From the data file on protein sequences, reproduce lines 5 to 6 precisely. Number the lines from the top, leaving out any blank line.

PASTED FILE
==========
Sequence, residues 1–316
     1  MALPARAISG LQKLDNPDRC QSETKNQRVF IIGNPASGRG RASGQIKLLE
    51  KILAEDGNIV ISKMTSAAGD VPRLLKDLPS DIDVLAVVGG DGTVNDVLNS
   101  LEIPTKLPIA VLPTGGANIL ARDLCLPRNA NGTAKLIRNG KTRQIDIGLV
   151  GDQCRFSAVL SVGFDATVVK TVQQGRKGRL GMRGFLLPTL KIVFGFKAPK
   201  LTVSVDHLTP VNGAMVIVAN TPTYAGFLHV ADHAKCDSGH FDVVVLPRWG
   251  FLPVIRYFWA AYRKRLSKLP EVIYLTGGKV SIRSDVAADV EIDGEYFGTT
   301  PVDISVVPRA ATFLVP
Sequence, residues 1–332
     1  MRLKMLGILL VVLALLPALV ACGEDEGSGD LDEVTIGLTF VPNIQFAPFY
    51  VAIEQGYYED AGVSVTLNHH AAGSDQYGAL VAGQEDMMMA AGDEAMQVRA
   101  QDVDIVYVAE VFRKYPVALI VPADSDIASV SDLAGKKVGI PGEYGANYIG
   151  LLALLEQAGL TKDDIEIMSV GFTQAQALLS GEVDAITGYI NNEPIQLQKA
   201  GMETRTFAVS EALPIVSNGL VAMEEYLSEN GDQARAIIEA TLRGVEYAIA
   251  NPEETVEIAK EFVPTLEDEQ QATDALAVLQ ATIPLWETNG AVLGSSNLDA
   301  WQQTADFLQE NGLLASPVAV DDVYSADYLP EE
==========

   151  GDQCRFSAVL SVGFDATVVK TVQQGRKGRL GMRGFLLPTL KIVFGFKAPK
   201  LTVSVDHLTP VNGAMVIVAN TPTYAGFLHV ADHAKCDSGH FDVVVLPRWG